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CentOS 7.0 - man page for cuserid (centos section 3)

GETLOGIN(3)			    Linux Programmer's Manual			      GETLOGIN(3)

NAME
       getlogin, getlogin_r, cuserid - get username

SYNOPSIS
       #include <unistd.h>

       char *getlogin(void);
       int getlogin_r(char *buf, size_t bufsize);

       #include <stdio.h>

       char *cuserid(char *string);

   Feature Test Macro Requirements for glibc (see feature_test_macros(7)):

       getlogin_r(): _REENTRANT || _POSIX_C_SOURCE >= 199506L
       cuserid(): _XOPEN_SOURCE

DESCRIPTION
       getlogin()  returns a pointer to a string containing the name of the user logged in on the
       controlling terminal of the process, or a NULL  pointer	if  this  information  cannot  be
       determined.   The  string  is  statically allocated and might be overwritten on subsequent
       calls to this function or to cuserid().

       getlogin_r() returns this same username in the array buf of size bufsize.

       cuserid() returns a pointer to a string containing a username associated with  the  effec-
       tive  user ID of the process.  If string is not a NULL pointer, it should be an array that
       can hold at least L_cuserid characters; the string is returned in this array.   Otherwise,
       a  pointer  to a string in a static area is returned.  This string is statically allocated
       and might be overwritten on subsequent calls to this function or to getlogin().

       The macro L_cuserid is an integer constant that indicates how long an array you might need
       to store a username.  L_cuserid is declared in <stdio.h>.

       These  functions  let your program identify positively the user who is running (cuserid())
       or the user who logged in this session (getlogin()).  (These can differ	when  set-user-ID
       programs are involved.)

       For  most  purposes, it is more useful to use the environment variable LOGNAME to find out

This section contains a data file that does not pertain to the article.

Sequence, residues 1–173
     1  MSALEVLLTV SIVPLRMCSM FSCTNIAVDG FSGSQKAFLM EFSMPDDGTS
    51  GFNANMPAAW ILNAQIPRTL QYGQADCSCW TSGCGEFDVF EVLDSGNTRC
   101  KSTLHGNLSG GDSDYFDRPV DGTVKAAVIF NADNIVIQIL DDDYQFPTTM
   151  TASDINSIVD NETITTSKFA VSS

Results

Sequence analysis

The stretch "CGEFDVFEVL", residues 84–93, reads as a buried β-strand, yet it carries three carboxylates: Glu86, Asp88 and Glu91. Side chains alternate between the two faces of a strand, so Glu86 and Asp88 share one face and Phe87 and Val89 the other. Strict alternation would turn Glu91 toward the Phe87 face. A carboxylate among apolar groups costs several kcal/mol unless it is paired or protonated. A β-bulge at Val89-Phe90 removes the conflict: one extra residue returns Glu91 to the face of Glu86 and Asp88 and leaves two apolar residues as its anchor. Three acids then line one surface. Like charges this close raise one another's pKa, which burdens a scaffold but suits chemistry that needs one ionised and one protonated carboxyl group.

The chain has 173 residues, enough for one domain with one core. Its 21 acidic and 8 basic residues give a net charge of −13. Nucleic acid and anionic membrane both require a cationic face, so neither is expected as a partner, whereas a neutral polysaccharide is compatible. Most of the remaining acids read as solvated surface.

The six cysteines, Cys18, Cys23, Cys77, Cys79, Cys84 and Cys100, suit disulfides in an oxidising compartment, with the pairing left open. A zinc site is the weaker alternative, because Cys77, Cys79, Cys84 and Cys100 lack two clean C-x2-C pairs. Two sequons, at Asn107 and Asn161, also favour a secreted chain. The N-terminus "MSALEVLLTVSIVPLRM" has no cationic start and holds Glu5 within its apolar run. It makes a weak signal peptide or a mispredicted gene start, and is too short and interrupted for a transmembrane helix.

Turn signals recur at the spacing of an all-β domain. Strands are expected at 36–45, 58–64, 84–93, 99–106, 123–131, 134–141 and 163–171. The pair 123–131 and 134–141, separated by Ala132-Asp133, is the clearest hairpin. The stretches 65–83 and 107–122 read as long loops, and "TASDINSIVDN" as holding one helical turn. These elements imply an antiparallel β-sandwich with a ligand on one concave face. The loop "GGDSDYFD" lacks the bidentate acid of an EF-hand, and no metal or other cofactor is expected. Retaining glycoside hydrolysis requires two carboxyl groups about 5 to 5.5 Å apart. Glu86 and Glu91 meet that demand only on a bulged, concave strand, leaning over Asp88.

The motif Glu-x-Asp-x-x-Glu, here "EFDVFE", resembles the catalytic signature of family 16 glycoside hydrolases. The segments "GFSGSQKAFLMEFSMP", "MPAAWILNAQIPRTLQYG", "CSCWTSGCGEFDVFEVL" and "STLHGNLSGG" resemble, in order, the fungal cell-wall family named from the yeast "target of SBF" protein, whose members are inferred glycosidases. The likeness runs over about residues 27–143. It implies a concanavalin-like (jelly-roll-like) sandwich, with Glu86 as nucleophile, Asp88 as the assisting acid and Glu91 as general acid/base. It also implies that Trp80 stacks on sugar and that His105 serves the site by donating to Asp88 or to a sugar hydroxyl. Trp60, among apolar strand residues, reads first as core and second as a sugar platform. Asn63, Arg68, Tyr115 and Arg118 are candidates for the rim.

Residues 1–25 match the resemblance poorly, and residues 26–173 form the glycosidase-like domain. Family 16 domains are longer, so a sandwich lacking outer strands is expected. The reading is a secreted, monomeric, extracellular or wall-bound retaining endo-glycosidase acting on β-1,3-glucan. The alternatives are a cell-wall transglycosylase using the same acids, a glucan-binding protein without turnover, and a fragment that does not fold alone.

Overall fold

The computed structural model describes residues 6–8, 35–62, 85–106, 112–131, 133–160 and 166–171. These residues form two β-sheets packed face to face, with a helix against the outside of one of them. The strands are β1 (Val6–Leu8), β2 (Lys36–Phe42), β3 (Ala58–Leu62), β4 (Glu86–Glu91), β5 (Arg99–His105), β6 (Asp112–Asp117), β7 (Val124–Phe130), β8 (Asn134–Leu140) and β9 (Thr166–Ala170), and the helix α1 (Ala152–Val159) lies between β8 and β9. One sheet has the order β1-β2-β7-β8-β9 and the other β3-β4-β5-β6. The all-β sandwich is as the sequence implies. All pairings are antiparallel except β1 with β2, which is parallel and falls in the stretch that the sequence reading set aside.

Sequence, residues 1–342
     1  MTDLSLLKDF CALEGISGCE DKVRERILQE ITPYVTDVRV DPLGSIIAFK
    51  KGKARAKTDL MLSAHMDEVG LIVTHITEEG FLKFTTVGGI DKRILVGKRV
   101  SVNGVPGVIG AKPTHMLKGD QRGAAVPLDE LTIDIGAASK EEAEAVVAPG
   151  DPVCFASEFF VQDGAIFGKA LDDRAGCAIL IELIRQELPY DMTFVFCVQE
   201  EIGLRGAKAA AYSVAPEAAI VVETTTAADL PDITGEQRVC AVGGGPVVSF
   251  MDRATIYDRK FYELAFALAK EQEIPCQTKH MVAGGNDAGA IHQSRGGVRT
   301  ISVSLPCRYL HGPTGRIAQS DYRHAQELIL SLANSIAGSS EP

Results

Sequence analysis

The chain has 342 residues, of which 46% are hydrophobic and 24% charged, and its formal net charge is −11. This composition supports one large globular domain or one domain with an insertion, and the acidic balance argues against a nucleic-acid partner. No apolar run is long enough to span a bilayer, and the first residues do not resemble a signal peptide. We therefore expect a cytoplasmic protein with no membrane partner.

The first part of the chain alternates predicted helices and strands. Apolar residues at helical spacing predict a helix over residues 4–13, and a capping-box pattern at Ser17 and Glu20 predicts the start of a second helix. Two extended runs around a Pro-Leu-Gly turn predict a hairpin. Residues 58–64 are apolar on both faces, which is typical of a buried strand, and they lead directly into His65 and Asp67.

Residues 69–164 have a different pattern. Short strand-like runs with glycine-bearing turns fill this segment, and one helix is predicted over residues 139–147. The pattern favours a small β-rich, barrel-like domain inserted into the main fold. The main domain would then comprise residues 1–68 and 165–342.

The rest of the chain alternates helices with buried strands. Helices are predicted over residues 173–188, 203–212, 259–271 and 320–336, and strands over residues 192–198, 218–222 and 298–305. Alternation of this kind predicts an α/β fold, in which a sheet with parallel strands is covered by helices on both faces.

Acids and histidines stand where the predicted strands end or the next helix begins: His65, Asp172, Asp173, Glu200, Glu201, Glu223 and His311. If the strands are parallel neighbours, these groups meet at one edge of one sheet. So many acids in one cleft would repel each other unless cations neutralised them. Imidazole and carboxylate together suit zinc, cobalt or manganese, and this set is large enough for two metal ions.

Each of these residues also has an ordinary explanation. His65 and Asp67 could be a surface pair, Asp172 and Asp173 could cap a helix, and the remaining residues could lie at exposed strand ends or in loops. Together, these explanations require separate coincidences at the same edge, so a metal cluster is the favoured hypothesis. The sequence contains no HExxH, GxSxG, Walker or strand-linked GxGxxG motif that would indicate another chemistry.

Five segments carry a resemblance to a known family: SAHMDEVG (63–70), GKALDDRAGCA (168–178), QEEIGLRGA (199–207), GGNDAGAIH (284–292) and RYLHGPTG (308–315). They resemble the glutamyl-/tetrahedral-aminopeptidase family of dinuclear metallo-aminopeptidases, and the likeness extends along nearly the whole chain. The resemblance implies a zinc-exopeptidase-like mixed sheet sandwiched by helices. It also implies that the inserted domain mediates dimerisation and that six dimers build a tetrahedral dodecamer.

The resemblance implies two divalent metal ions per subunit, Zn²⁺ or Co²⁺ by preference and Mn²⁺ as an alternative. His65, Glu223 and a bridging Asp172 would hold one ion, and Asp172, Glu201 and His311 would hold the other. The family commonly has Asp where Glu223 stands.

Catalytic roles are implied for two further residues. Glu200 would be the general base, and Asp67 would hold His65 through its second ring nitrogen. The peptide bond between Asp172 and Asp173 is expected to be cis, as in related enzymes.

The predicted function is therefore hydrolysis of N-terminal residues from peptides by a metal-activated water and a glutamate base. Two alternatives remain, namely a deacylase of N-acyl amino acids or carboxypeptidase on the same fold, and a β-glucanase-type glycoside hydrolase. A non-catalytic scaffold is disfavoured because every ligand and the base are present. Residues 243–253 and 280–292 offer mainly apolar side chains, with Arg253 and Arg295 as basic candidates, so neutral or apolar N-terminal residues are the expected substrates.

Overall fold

who the user is.  This is more flexible precisely because the user can set  LOGNAME  arbi-
       trarily.

RETURN VALUE
       getlogin()  returns  a  pointer to the username when successful, and NULL on failure, with
       errno set to indicate the cause of the error.  getlogin_r() returns 0 when successful, and
       nonzero on failure.

ERRORS
       POSIX specifies

       EMFILE The calling process already has the maximum allowed number of open files.

       ENFILE The system already has the maximum allowed number of open files.

       ENXIO  The calling process has no controlling terminal.

       ERANGE (getlogin_r)  The  length  of  the  username,  including	the terminating null byte
	      ('\0'), is larger than bufsize.

       Linux/glibc also has

       ENOENT There was no corresponding entry in the utmp-file.

       ENOMEM Insufficient memory to allocate passwd structure.

       ENOTTY Standard input didn't refer to a terminal.  (See BUGS.)

FILES
       /etc/passwd
	      password database file

       /var/run/utmp
	      (traditionally /etc/utmp; some libc versions used /var/adm/utmp)

ATTRIBUTES
   Multithreading (see pthreads(7))
       The getlogin() function is not thread-safe.

       The getlogin_r() function is thread-safe.

       The cuserid() function is thread-safe with exceptions.  It is not  thread-safe  if  called
       with a NULL parameter.

CONFORMING TO
       getlogin() and getlogin_r() specified in POSIX.1-2001.

       System  V  has  a cuserid() function which uses the real user ID rather than the effective
       user ID.  The cuserid() function was included in the 1988 version of  POSIX,  but  removed
       from the 1990 version.  It was present in SUSv2, but removed in POSIX.1-2001.

       OpenBSD	has  getlogin() and setlogin(), and a username associated with a session, even if
       it has no controlling terminal.

BUGS
       Unfortunately, it is often rather easy to fool getlogin().  Sometimes it does not work  at
       all, because some program messed up the utmp file.  Often, it gives only the first 8 char-
       acters of the login name.  The user currently logged in on the controlling terminal of our
       program	need  not be the user who started it.  Avoid getlogin() for security-related pur-
       poses.

       Note that glibc does not  follow  the  POSIX  specification  and  uses  stdin  instead  of
       /dev/tty.   A  bug.  (Other recent systems, like SunOS 5.8 and HP-UX 11.11 and FreeBSD 4.8
       all return the login name also when stdin is redirected.)

       Nobody knows precisely what cuserid() does; avoid it in portable programs.   Or	avoid  it
       altogether:  use  getpwuid(geteuid())  instead,	if  that  is  what you meant.  Do not use
       cuserid().

SEE ALSO
       geteuid(2), getuid(2), utmp(5)

COLOPHON
       This page is part of release 3.53 of the Linux man-pages project.  A  description  of  the
       project,     and    information	  about    reporting	bugs,	 can	be    found    at
       http://www.kernel.org/doc/man-pages/.

GNU					    2013-04-19				      GETLOGIN(3)


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